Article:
Commercial fishermen have often been painted as a callous bunch. And to an extent, the reputation is deserved. In Southeast Asia, a sort of modern slave trade exists in the seafood industry, with disadvantaged groups lured by human traffickers onto boats where they are held in inhumane conditions, sometimes in cages, while forced to work the nets. In the southeastern United States, fishermen brought in the KKK to scare off Vietnamese fishermen who had come over as refugees in the seventies and were competing with locals.
Fishermen everywhere are notorious for flaunting environmental rules designed to protect endangered species and maintain the fish stocks on which the seafood industry relies. But there are plenty of good guys. And once in a while, the good guys have to go full eco-pirate to protect the seas on which their livelihood depends.
1980 – English Channel Fracas
There is a long tradition in France of farmers and fishermen taking to the streets (or waters) to make their voices heard. In one of the most epic instances of such activism, French fishermen strung their boats together across ferry channels outside six port cities in the northern part of the country, where thousands of Britons go back and forth to the UK each day. The issue at hand: cheap fish imports flooding the French market from countries with terrible labor and environmental standards. The fishermen wanted the government to step up and find a regulatory solution. A few ferries managed to pierce the blockade, provoking the fishermen to hurl potatoes at the boats; the ferry passengers, mostly British tourists who had been waiting for days to return home from their vacations, hurled beer cans in return. With more than $1 million a day in lost profits to the shipping industry as a result of the blockade, the fishermen got the attention they were looking for.
1993 – The Exxon Valdez Blockade
Four years after the Exxon Valdez oil spill, 60 fishing boats blockaded the Trans-Alaska Pipeline terminal, preventing oil tankers from docking. The stunt was meant to draw attention to declining salmon stocks in the area since the spill, which the fishermen felt oil companies had not sufficiently cleaned up. They were successful: Bruce Babbitt, the Secretary of the Interior in the Clinton administration, intervened, helping the fishermen set up a meeting with oil industry representatives to have their concerns heard.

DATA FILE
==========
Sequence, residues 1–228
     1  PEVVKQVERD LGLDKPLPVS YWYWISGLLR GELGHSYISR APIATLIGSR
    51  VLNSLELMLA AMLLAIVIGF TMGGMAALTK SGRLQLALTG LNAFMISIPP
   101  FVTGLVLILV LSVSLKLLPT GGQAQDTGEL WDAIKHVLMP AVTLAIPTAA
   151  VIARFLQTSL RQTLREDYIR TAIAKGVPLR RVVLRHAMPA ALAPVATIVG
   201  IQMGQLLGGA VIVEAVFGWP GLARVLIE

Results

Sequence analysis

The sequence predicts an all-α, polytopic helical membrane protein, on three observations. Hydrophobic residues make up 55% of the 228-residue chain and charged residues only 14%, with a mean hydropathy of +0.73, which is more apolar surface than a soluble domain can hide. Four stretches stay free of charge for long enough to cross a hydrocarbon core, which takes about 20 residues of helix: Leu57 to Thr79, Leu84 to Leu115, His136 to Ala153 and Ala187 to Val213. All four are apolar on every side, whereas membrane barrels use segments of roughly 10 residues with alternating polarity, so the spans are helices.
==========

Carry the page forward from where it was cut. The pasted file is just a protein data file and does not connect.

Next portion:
1997 – Canadian-American Salmon War
The salmon fisheries off the coast of southern Alaska straddle both US and Canadian waters. Canadian fishermen in British Columbia have long accused their American counterparts of overharvesting, rather than respectfully taking what the marine environment can support. In 1997, the Canadians’ angst boiled over, as a group of fishing boats surrounded an Alaskan tourist boat that was docked in a British Columbia port with more than 300 passengers, refusing to let it leave. At one point, an American flag was burned in full view of the Americans, who had effectively been held hostage on their vacation. According to newspaper reports, a flurry of anti-Canadian “taunts” ensued. “The Americans are raping the sea,” said one fisherman who was interviewed. “So we’re taking this ferryboat hostage in retaliation.”
2018 – French Pulse Fishing Protest
In January 2018, a dozen French fishing boats lined up outside of Calais, the busiest passenger port in France, where ferries shuttle tourists and commuters back and forth to the UK each day. They also blocked the road leading to the port with vehicles. The fishermen were upset about the encroachment of Dutch boats using legal, but highly destructive “pulse” fishing equipment, in which an electrified net is pulled across the seafloor, giving a shock to all sorts of creatures besides the ones they are trying to catch.
2018 – Nova Scotia Paper Mill Conflict
The pristine waters of Canada’s Atlantic coast are among the richest fishing grounds in the world. But not long ago, a paper mill in Abercrombie, Nova Scotia wanted to build a pipeline into the nearby Northumberland Strait to dump mill waste. As boats commissioned by the company ventured out to survey the pipeline route, a group of fishermen blocked their progress and refused to move. The mill obtained a court injunction forcing them to disperse, but the stunt brought international attention to the situation.